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What is the Lewis and Clark Trail?

Why did Lewis and Clark make this trip?

How good a guide was Sacagawea?

Did Lewis and Clark intend to discover the Pacific Ocean?

What was the Louisiana Purchase?

Did other people accompany Lewis and Clark?

How many people survived the trip?

Which spelling is right: Sacajawea, Sacagawea, or Sakakawea?

Who paid for the expedition?

How can anyone say Lewis and Clark "discovered" anything, since Native Americans living along their route already knew the places and creatures?

What about Indian fights?

Can I follow their exact route today?

 

 

 

 

 

 

 

 

 

 

 

 

 


 

What is the Lewis and Clark Trail?
It's a way of designating their approximate path through the future states of Illinois, Missouri, Kansas, Nebraska, Iowa, South Dakota, North Dakota, Montana, Idaho, Washington, and Oregon--and back. Because they traveled by river, and rivers have shifted their courses and been altered by dams, the "trail" is not exact.

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Why did Lewis and Clark make this trip?
President Thomas Jefferson had long wanted to see what the lands of western North America were like. His scientific curiosity mixed with political interests. With the approval of Congress, he made plans even before the Lousiana Purchase was completed. He asked Meriwether Lewis, his secretary, to head the expedition and to selected his own co-captain. Lewis chose William Clark, who once had been his commanding officer in the army.

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How good a guide was Sacagawea?
She was hired as an interpreter of the Shoshone language, not as a guide. Although the captains hadn't planned it, she was a sign of peaceful intention to Indian nations, since women didn't travel with war parties. Three times she recognized landmarks in her home country of southeastern Montana, and told the captains about them. As they approached the headwaters of the Missouri, she knew they were nearing. As they passed Beaverhead Rock, she said that the Shoshones called it that from its shape. On the return trip, with Captain Clark's party heading for the Yellowstone River, she told him about what's now called Bozeman Pass, and the party took that route. Whether these occasions were "guiding" or not is something that today's historians don't agree on.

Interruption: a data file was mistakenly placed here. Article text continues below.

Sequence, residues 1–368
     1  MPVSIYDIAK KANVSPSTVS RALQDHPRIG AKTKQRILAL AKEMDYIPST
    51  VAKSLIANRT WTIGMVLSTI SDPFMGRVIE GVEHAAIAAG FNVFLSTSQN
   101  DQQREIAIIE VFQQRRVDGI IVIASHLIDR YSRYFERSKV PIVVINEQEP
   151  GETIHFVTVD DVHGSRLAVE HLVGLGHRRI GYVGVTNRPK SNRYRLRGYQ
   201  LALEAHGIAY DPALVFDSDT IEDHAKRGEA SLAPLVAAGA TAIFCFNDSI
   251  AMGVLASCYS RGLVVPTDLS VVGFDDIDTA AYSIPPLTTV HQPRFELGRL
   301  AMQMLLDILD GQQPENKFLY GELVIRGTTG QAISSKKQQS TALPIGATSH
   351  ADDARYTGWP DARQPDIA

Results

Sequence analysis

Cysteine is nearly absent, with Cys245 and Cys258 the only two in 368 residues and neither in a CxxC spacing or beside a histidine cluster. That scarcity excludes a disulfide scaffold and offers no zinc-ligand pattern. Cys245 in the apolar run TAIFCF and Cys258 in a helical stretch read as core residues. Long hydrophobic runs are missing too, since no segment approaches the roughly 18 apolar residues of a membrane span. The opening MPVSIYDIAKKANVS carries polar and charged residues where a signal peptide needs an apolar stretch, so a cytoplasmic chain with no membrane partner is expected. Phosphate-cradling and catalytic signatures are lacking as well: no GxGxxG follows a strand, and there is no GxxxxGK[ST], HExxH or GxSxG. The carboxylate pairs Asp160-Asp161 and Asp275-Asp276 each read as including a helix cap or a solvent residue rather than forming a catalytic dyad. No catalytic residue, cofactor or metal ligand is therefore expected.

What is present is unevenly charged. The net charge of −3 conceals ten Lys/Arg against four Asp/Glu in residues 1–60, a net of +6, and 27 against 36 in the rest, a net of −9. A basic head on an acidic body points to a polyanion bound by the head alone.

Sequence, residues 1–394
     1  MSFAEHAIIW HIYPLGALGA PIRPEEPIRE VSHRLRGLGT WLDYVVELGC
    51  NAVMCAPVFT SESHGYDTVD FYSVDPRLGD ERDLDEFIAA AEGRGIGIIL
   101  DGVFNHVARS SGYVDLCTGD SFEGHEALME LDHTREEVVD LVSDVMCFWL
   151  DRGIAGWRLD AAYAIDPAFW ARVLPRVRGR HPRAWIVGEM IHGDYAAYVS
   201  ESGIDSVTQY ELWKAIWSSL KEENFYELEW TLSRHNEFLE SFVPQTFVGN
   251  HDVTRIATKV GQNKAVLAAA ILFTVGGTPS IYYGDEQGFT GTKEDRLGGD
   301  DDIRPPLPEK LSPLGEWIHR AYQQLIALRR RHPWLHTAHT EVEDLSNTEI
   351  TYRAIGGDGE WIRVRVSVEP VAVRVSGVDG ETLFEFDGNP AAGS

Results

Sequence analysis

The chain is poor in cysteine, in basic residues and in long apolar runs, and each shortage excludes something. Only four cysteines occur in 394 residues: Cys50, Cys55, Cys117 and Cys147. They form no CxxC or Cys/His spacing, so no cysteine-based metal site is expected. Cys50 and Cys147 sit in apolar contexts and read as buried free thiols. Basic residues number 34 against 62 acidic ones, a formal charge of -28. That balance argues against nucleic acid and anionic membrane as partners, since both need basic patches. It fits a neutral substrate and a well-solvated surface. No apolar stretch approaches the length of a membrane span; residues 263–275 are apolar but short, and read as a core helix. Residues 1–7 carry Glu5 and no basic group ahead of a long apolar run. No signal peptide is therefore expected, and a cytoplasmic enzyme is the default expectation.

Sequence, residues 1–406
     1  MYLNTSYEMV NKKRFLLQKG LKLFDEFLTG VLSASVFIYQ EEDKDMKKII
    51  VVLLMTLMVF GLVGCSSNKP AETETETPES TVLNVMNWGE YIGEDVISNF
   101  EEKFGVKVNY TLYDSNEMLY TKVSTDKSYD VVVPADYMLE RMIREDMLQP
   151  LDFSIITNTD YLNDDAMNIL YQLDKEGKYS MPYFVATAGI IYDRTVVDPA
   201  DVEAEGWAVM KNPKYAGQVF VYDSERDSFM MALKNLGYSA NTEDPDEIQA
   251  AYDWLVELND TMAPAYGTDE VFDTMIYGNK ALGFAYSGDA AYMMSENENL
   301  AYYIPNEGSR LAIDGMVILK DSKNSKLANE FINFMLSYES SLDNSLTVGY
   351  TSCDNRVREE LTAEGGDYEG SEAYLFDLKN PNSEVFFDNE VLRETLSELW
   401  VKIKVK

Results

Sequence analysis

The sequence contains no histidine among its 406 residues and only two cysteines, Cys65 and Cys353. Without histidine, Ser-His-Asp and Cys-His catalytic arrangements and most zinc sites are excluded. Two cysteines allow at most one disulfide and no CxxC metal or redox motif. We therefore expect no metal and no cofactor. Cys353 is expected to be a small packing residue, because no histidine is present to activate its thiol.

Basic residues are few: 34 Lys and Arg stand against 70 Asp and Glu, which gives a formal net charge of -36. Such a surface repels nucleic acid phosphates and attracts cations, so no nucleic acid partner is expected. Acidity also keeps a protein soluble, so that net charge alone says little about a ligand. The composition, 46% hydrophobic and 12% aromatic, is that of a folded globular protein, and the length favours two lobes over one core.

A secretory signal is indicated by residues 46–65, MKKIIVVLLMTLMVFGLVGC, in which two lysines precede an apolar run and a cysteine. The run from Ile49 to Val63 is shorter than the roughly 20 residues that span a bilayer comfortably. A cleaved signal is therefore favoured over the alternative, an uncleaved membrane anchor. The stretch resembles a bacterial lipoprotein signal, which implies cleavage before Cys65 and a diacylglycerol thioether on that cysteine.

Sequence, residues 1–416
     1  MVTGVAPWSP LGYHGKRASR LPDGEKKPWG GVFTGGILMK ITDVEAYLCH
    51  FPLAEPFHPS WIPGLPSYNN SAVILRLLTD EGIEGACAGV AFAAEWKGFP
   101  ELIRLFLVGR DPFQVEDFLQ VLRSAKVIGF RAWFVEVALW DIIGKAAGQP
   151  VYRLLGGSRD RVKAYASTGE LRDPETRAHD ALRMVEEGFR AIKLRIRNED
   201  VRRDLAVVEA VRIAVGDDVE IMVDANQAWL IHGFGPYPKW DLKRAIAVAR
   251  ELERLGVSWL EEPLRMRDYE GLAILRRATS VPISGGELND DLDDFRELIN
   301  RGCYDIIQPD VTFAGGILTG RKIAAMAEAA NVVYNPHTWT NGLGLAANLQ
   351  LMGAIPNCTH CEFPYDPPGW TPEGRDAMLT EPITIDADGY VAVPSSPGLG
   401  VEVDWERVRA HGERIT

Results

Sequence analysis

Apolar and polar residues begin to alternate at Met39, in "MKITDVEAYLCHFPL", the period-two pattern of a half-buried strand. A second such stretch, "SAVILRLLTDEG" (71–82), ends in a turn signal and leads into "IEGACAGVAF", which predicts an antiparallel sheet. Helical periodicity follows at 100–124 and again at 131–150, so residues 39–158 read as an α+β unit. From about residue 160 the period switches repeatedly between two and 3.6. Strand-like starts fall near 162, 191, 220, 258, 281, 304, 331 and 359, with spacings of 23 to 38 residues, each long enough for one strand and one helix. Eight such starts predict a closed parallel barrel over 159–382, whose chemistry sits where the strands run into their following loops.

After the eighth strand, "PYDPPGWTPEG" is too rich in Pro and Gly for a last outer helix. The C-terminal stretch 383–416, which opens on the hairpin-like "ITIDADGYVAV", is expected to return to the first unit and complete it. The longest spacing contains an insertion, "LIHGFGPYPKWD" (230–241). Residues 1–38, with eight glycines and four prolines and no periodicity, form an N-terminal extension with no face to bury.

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Did Lewis and Clark intend to discover the Pacific Ocean?
No, the Pacific Ocean was well known to Europeans who had long traded and lived there: Spaniards, Russians, Britons, and others. In 1792, Capt. Robert Gray had sailed into the Columbia River estuary from the Pacific, and the captains had his map.

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What was the Louisiana Purchase?
France sold the United States its claim to lands drained by the Missouri River system. The Missouri River ended at St. Louis by pouring into the Mississippi (which emptied into the Atlantic Ocean), but no one knew for sure where it began, and where its farthest feeder creeks began. All they knew was that the claim could not extend beyond the Rocky Mountains, because waters on their west sides flowed down into rivers going to the Pacific Ocean.

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Did other people accompany Lewis and Clark?
Yes. How many depends on when during the trip.

With the captains, about 38 enlisted men and some civilian French boatmen left St. Louis in 1804 knowing that the Mandan/Hidatsa Indian villages in today’s North Dakota were the place to spend their first winter on the trail. The captains planned to send some soldiers back to the United States after that winter, taking journals and maps the captains had made, along with preserved plant and animal specimens. This group was called the "return party," and the men going on to the Pacific Ocean were the "permanent party."

When the Corps of Discovery left the Mandan/Hidatsa villages in spring 1805, the permanent party included 2 captains, 3 sergeants, 23 privates, and 5 civilians. Because a woman and her infant were among the civilians, we can't say "the men" of the Corps of Discovery from April 7, 1805 until mid-August 1806, when the Charbonneau family (father Toussaint, mother Sacagawea, and son Jean Baptiste) left the permanent party upon reaching their home again.